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Cloud Atlas by David Mitchell
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Cloud Atlas (original 2004; edition 2012)

by David Mitchell

MembersReviewsPopularityAverage ratingConversations / Mentions
12,432529197 (4.13)4 / 1200
Member:tderks
Title:Cloud Atlas
Authors:David Mitchell
Info:Sceptre (2012), Paperback, 528 pages
Collections:Your library
Rating:***1/2
Tags:fiction, 2013

Work details

Cloud Atlas: A Novel by David Mitchell (Author) (2004)

  1. 120
    If on a Winter's Night a Traveler by Italo Calvino (Ludi_Ling)
    Ludi_Ling: Different yet both well-written approaches to meta-fiction.
  2. 112
    The Thousand Autumns of Jacob de Zoet: A Novel by David Mitchell (pgmcc)
    pgmcc: Really enjoyable set of related stories with the author's well deomonstrated skill
  3. 71
    The Years of Rice and Salt by Kim Stanley Robinson (TomWaitsTables, PghDragonMan)
    PghDragonMan: A theme of reincarnation used to balance Karma flows through the story.
  4. 40
    Black Swan Green by David Mitchell (PghDragonMan)
  5. 51
    Riddley Walker by Russell Hoban (Rynooo, browner56, pfeldman)
    browner56: Highly imaginative works, particularly the phonetic recreations of the English language
  6. 40
    Number9Dream by David Mitchell (PghDragonMan)
  7. 84
    A Visit from the Goon Squad by Jennifer Egan (jbvm, souloftherose)
    jbvm: Without giving anything away, after you've read both you'll understand my recommendation.
    souloftherose: Both novels are occasionally experimental in style with interconnected short stories. They are also both very good.
  8. 30
    The Year of the Flood by Margaret Atwood (JenMDB)
  9. 30
    Life After Life by Kate Atkinson (JenMDB, sturlington)
    sturlington: Both have unusual narrative structures and explore the theme of reincarnation.
  10. 20
    The Children of Men by P. D. James (JenMDB)
  11. 31
    Let the Great World Spin by Colum McCann (novelcommentary)
  12. 31
    Brave New World by Aldous Huxley (Anonymous user)
  13. 10
    TransAtlantic by Colum McCann (suniru)
  14. 10
    Girl Reading by Katie Ward (rarm)
    rarm: Girl Reading isn't as intricately constructed as Cloud Atlas, but both books use linked stories to carry a theme through the centuries and into the future.
  15. 10
    Gods Without Men by Hari Kunzru (Tinwara)
  16. 10
    The Castle of Crossed Destinies by Italo Calvino (Ludi_Ling)
    Ludi_Ling: For those interested in disparate yet intertwining narratives of a somewhat fantastical nature.
  17. 10
    The Islanders by Christopher Priest (tetrachromat)
  18. 32
    Station Eleven by Emily St. John Mandel (generalkala)
    generalkala: Similar multi-strand, multi-era novel.
  19. 00
    Measuring the World by Daniel Kehlmann (JuliaMaria)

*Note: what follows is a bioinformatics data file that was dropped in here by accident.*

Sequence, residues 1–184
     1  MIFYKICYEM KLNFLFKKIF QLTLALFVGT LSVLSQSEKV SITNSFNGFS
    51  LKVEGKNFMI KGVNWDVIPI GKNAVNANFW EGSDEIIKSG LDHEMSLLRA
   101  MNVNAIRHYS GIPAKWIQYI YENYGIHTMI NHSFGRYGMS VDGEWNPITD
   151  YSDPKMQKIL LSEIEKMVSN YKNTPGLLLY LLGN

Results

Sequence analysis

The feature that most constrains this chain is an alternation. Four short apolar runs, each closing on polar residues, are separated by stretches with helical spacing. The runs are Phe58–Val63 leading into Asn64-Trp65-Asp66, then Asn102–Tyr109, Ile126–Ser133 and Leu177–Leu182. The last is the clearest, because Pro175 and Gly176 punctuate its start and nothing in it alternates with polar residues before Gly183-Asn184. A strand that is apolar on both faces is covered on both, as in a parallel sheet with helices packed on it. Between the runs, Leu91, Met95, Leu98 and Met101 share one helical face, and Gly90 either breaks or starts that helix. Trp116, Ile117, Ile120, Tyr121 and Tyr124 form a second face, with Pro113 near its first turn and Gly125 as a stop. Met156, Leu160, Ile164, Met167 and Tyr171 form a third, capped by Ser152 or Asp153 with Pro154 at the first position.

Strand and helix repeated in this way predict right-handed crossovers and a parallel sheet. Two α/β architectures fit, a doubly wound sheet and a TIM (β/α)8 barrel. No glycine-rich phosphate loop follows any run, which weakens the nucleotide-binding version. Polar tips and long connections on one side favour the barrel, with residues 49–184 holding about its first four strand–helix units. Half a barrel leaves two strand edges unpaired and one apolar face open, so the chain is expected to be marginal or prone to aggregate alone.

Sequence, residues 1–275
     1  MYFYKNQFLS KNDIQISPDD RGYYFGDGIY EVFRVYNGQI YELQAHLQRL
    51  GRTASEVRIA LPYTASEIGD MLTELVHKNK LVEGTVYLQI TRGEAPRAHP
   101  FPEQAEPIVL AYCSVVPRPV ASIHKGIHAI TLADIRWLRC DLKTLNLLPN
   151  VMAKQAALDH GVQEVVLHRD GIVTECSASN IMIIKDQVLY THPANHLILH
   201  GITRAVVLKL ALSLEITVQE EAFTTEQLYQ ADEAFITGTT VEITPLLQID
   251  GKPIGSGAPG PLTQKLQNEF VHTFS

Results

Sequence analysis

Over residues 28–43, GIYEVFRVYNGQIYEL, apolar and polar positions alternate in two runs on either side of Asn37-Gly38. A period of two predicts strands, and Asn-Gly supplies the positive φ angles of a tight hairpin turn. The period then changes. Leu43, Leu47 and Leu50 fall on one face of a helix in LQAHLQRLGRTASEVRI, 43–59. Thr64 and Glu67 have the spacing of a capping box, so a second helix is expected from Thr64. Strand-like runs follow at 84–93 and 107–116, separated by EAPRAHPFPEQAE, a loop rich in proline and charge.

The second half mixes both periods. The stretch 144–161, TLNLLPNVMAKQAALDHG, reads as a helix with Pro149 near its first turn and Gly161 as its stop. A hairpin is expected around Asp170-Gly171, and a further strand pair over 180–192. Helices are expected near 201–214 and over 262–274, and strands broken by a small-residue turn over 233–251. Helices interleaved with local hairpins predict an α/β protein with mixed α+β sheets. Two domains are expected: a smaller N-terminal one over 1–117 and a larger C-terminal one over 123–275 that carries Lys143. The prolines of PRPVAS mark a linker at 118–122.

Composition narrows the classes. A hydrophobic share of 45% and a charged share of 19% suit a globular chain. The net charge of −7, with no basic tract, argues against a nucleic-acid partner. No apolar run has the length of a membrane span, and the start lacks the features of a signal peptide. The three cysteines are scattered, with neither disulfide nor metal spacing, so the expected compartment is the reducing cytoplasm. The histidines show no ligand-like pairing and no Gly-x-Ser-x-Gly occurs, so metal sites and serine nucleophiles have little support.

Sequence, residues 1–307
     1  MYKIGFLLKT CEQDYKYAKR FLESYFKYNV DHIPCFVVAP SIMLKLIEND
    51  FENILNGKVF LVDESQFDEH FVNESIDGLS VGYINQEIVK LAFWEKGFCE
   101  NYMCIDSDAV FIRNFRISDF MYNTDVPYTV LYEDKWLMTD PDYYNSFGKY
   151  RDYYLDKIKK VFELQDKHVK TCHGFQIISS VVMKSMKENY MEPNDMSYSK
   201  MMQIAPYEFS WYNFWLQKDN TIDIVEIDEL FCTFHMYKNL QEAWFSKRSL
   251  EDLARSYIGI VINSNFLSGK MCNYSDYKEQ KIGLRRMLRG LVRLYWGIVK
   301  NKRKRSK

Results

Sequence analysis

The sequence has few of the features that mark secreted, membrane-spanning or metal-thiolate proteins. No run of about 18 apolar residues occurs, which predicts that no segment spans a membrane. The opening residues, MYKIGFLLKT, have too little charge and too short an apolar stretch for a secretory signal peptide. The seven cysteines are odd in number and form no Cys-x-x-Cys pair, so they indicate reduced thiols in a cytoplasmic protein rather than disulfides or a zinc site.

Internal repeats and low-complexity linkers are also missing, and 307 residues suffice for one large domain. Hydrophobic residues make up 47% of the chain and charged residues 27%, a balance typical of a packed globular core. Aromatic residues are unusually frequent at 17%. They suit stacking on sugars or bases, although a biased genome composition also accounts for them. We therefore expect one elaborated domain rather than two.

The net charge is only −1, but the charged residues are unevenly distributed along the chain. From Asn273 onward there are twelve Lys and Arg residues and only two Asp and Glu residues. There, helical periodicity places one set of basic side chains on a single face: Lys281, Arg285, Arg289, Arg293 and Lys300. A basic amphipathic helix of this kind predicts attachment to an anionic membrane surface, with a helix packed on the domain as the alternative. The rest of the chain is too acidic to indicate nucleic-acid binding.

20. 00
    Join by Steve Toutonghi (47degreesnorth)

(see all 29 recommendations)

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English (513)  Dutch (5)  German (3)  French (3)  Spanish (2)  Finnish (1)  Danish (1)  Czech (1)  All (529)
Showing 1-5 of 513 (next | show all)
I was doing okay following this story along until about halfway through the book and then I just got lost. Once the story slungshot back to Louisa's story I picked up a little of the interest I started with but, mostly, I was just curious about how it was all going to work out. The middle perspective with the made up language was almost unreadable. I ended up listening to this book on audio and I could still barely figure out what was being said most of the time; I can't imagine trying to read it physically. It seemed to go downhill from there for me. I didn't finish the book feeling like I understood anything. The connections between each perspective didn't flow as well as I thought it might, and ultimately I'm still scratching my head about what the whole point of the book was about. ( )
  Kassilem | Mar 7, 2017 |
Confusing. Need to read again. ( )
  KarenAJeff | Feb 25, 2017 |
David Mitchell is one of my favourite authors, and I really like this novel.
Cloud Atlas tells several stories, layering them around each other, each of the stories in subtle ways connected to the others.

Cloud Atlas reminds me of the butterfly effect: any event can have large consequences in different areas and different times. In this novel, though the stories are in a way separate stories, set in different eras and different countries, events from one story affect the other stories and change events in other locations and in the future.
It is really interesting to see how Mitchell weaves the stories together, making them fit in with each other, giving subtle hints about their connectivity.

Another thing I very much respect in Mitchell's work is his use of different voices. The different stories have very different narrators, which use different writing styles and different language to tell their stories. Mitchell manages to make each story sound as distinct as if they were written by separate authors.

A great read, and definitely worth rereading from time to time. ( )
  Britt84 | Jan 30, 2017 |
David Mitchell is a genius. ( )
  kemilyh1988 | Jan 16, 2017 |
"Souls cross ages like clouds cross skies."